Thursday, January 11, 2018

Forget About Professional Development (For Now), by Sally Turbitt



Two words: Professional development. Talk of professional development starts in library school, with LIS students encouraged to volunteer at conferences, attend local events and generally “get involved” to accrue professional development points or hours. Maybe your workplace gives you opportunities to attend events on the proviso you come back to work and share your learnings. Or perhaps, like me, you realise that professional development activities are a way to learn and meet people in the industry, something that is really useful if you’re a library ‘outsider’ (e.g. not working in libraries).

Where do you start? How do you find the right activities and opportunities for you? You’ve got to start by answering, “who?”

A wise person once said “know thyself” and yes, that’s what I’m talking about. We are all, as another wise person once said like an onion, and when you start to peel back your layers and know yourself better, you will be a better professional and it will be easier to find the right professional opportunities that suit you. Plus you might surprise yourself by taking bigger leaps and accepting challenges you would have run away from before.

Knowing yourself is hard and uncomfortable work, BUT, here’s the thing. If you’ve invested heavily like me (financially, personally, emotionally), in going to library school and carving out a new career for yourself, you want to get this right and be a great librarian, advocate for your community and co-worker. You want to be resilient and have the stamina and skills to stay employed right? Many of us work with a huge variety of people every day, and being a resilient and reflective librarian is a good thing! This is why I want to encourage you to peel back those layers and find yourself first.

I’m a deeply curious person, always exploring ways to understand myself and others and I like to use a variety of tools to do this. It did take me years to discover those tools and be brave enough to listen to what I discovered. Years ago, I read What Colour is Your Parachute?, took the Myers-Briggs test at a work conference, and went to a career counsellor. I tried to ignore everything I learned, but it didn’t work. Part of me was paying attention and each time I explored something new and uncovered a kernel of truth about myself, an onion layer fell away and I got closer to who I really am.. Acknowledging personal biases, privilege, weaknesses, and figuring out how to celebrate and make the most of your strengths are all challenging. It’s hard to acknowledge who you are and find ways to change and do better at living and working.

As an ENFP, I am always willing to find solutions, so here are some of my personal tools for digging deeper and being brave. At one point or another each of these has got me through a rough patch and opened up doors to understanding myself and other people.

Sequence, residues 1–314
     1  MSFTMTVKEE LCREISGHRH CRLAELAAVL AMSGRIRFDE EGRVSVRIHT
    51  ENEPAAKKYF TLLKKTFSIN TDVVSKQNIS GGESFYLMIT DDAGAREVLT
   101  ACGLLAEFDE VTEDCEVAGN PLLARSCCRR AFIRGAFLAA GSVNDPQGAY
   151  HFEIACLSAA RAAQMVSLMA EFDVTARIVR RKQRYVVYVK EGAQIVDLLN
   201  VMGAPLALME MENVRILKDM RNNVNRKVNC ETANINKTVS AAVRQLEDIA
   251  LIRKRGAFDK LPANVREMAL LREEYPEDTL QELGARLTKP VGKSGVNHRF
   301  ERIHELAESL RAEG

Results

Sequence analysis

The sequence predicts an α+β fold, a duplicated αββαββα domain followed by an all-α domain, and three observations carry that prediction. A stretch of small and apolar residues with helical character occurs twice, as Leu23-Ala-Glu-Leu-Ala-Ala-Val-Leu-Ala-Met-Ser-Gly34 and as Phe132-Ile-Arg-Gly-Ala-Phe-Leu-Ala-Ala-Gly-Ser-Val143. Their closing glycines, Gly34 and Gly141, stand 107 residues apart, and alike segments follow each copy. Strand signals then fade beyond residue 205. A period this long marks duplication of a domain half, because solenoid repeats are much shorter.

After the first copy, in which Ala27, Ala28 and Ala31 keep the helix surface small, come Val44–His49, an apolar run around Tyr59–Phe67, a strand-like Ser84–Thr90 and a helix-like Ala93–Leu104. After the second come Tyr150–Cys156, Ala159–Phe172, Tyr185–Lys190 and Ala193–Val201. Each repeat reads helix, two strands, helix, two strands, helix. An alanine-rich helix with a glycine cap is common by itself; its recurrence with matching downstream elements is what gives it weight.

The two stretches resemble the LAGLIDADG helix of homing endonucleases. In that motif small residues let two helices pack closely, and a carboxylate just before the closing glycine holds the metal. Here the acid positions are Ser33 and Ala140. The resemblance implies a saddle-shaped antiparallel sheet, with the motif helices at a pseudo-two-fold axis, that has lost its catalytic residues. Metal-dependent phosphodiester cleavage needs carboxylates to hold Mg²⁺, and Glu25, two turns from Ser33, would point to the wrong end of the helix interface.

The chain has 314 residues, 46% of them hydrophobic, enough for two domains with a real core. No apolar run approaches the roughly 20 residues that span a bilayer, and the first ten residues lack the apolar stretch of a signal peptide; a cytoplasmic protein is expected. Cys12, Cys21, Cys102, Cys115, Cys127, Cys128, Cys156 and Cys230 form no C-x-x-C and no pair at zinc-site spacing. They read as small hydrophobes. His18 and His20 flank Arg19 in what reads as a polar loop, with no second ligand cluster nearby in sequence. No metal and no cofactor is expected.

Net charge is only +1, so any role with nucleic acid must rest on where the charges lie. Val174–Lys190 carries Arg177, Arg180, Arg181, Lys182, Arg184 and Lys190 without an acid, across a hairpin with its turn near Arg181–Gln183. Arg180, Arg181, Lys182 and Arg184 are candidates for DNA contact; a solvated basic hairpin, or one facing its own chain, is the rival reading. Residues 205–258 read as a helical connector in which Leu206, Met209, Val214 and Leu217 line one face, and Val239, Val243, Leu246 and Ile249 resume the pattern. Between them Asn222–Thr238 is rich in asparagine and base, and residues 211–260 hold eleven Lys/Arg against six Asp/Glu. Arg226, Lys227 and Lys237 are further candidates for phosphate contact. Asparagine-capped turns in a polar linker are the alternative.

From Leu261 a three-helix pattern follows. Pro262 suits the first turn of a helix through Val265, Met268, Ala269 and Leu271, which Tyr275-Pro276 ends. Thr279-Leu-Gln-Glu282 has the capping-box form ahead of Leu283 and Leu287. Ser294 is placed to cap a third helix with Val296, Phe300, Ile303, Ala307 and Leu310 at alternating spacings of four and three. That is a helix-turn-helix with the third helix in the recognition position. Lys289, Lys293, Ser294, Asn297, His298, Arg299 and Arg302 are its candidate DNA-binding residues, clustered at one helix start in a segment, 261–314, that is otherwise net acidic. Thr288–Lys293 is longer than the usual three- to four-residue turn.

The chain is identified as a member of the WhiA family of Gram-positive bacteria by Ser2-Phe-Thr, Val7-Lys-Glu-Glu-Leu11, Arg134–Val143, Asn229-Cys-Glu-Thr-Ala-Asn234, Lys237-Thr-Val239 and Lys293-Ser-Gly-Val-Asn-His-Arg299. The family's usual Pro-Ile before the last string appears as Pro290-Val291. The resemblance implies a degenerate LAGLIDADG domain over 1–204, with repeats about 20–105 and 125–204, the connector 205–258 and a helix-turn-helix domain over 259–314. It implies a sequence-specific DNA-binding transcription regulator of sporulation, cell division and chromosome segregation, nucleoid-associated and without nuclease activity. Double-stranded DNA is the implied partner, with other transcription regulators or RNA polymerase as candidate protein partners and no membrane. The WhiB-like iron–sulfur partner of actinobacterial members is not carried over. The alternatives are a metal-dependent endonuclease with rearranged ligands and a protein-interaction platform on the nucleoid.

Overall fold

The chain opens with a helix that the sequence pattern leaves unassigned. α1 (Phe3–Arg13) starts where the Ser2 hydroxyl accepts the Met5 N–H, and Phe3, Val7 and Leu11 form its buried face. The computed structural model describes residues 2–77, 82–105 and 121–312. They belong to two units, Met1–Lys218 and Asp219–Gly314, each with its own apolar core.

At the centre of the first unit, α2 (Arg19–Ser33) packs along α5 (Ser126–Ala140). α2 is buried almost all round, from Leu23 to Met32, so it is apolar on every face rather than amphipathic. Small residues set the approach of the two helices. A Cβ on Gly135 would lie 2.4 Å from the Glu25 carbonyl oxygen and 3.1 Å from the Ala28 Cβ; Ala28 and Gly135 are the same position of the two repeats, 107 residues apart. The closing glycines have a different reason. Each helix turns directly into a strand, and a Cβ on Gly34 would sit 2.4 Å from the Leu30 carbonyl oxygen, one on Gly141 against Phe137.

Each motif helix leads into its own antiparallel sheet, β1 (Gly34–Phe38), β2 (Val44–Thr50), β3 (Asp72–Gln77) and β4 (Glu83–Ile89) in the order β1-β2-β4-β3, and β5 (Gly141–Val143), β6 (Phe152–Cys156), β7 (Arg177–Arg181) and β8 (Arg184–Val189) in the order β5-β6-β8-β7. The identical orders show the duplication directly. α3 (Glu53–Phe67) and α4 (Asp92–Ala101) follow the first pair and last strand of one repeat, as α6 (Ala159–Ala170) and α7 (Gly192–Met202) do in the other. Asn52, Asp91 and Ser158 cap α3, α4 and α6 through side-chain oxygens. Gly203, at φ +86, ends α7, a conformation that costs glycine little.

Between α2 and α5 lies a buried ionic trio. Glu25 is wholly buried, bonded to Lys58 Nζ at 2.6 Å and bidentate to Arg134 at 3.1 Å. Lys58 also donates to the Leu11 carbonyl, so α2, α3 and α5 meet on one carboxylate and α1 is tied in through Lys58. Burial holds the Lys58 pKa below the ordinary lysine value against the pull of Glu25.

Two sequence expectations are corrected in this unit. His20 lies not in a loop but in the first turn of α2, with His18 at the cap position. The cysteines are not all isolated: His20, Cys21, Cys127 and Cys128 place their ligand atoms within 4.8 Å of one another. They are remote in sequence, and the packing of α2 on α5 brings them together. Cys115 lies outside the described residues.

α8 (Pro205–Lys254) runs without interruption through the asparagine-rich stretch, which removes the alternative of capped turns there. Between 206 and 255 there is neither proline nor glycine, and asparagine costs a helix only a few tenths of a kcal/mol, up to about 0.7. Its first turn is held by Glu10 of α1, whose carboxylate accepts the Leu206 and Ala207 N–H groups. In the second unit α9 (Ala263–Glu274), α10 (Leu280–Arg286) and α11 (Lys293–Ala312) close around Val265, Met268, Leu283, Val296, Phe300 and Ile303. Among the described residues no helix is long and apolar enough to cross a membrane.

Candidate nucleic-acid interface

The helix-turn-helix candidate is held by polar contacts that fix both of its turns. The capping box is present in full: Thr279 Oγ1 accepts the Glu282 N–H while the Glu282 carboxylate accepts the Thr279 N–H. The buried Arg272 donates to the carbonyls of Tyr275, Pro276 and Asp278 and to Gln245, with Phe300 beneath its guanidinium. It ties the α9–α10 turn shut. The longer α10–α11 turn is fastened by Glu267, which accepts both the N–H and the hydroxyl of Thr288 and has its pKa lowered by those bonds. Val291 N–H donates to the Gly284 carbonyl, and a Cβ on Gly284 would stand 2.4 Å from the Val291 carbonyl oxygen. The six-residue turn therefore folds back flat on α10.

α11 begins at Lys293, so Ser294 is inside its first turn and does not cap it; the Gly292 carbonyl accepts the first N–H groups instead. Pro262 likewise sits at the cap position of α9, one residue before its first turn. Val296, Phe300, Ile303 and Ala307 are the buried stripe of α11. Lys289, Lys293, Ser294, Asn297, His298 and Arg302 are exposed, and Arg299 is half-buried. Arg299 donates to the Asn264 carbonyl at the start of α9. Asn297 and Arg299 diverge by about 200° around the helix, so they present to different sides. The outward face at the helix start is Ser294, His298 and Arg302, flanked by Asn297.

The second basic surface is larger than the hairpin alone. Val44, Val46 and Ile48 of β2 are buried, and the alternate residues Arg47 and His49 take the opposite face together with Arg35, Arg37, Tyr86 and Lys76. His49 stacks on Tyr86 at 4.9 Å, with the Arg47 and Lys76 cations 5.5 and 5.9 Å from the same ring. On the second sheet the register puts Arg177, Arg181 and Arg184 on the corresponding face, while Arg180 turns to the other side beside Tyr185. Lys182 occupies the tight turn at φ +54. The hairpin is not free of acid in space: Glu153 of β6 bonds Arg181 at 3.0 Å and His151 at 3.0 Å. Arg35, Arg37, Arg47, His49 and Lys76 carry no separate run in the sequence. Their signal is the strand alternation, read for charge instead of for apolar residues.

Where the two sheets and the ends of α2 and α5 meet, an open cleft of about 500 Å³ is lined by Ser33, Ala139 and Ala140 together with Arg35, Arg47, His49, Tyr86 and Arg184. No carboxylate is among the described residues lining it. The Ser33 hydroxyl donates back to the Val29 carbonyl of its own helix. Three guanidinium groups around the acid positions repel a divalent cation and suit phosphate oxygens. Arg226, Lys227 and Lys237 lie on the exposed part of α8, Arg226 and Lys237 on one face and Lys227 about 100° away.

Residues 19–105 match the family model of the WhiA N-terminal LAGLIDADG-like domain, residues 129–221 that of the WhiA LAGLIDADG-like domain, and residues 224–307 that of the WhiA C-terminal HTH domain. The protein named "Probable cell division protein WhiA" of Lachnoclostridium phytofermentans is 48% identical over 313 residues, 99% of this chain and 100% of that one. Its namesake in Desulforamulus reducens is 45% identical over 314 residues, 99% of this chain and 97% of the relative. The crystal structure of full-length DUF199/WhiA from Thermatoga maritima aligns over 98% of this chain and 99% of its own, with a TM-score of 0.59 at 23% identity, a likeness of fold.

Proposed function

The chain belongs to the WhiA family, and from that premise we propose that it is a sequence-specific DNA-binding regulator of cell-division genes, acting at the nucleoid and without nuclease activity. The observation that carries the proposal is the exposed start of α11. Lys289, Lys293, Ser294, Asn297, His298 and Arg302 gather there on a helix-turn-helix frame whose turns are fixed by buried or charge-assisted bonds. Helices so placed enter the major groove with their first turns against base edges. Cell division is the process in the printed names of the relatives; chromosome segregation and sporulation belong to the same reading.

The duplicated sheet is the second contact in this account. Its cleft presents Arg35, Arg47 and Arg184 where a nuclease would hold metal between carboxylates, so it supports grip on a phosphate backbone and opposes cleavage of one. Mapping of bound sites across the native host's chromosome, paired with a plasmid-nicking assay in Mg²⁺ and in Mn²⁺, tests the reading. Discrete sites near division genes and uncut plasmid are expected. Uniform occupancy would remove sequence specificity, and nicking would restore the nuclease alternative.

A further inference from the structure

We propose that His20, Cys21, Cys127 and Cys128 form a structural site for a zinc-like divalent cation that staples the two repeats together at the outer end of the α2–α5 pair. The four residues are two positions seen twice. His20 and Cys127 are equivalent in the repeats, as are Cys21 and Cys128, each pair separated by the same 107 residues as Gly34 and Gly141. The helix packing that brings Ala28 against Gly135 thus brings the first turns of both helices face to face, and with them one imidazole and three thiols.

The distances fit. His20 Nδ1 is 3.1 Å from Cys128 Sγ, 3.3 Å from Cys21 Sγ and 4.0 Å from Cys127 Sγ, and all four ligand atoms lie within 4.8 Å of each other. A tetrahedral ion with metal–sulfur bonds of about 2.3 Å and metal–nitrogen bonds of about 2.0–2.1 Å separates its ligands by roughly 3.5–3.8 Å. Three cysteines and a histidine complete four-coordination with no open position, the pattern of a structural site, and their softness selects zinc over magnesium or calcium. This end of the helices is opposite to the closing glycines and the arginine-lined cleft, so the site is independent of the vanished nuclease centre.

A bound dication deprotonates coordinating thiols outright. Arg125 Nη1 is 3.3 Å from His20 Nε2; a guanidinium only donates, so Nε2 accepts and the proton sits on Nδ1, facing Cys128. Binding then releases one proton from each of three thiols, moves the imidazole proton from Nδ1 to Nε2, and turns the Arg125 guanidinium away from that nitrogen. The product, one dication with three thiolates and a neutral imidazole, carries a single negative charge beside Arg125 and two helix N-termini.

• Listen. TED talks, podcasts, online radio shows - there are so many ways to listen and learn. Don’t stick to just library related content, branch out and explore new topics! (An added bonus is that you’ll be absorbing good and bad storytelling - how many times have you heard how about important storytelling is for library advocacy and promotion?)
  • Explore personalities and preferences. Try 16 Personalities, The Four Tendencies or read What Colour is Your Parachute?. You don’t have to agree with all the results, but they will give you some insight that you can explore (or ignore, but really, I bet you find one useful nugget of truth).
  • Ask friends and family what they think. (Awkward yes, useful, YES). You’ll be surprised at what people see in you and it’s more insight for you to reflect upon. Remember that how you see yourself is completely different to how everyone else does.
  • Be really honest with yourself about things you could be better at, and then find ways to improve. Written communication not great? Offer to write a newsletter article at work or start a blog. Jump on Twitter and practice writing in short concise sound-bites. Write book reviews for your library or just your friends. Feel like your tech skills need a refresh? Find out if your organisation or local library has a Lynda.com subscription or ask a colleague you know has great tech skills to show you their tips and tricks.
  • Spend time getting to know the people you work with, and how your personality and behaviours fit (or don’t). Read up on teams and communication. Start a conversation with co-workers or ask your boss if there are any short training courses you can take to expand your knowledge of teamwork and strategic communication.
  • Seek professional help if you need to. Sometimes we need to dig further to find ourselves and a professional counsellor or therapist can help.

Most importantly, discover your “who” your way. Extrovert, introvert, ambivert - there’s a way to do this that will suit you. Just try to extend yourself a little from time to time, try something new, and you could surprise yourself.

So, new librarian, this probably seems like quite a lot of ‘work’. Well, it is. However, you don’t need to do it all right now! Take small, achievable steps, and be kind to yourself and choose topics and activities you enjoy. Spend ten minutes a day reading an article or blog post, ask a colleague to show you how to do something that seems easy to them. Send that email to five close friends asking them that difficult question. Think small, it all adds up.

Find your who and the rest will follow.


Sally is a librarian who doesn't work in a library. Instead she supports library and information professionals for ALIA and co-hosts a podcast about libraries, galleries, museums and archives. Talk to her on Twitter @sallyturbitt.

No comments:

Post a Comment